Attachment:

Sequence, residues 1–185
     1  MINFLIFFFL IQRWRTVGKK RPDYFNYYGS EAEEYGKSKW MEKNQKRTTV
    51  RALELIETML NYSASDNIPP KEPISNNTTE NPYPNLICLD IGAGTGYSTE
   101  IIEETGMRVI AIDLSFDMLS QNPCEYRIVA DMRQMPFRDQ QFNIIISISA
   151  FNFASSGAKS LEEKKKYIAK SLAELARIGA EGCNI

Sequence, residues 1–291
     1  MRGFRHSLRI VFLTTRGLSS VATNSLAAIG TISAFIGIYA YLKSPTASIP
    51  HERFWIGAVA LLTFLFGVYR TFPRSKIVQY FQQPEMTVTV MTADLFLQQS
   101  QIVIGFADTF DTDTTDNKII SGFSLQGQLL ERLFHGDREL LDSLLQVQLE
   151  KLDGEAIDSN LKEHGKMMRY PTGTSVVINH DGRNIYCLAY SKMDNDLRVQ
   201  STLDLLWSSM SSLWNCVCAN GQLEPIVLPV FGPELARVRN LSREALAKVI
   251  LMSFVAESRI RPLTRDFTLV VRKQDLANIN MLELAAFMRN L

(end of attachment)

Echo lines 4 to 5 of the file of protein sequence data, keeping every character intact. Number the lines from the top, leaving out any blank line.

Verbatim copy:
   101  IIEETGMRVI AIDLSFDMLS QNPCEYRIVA DMRQMPFRDQ QFNIIISISA
   151  FNFASSGAKS LEEKKKYIAK SLAELARIGA EGCNI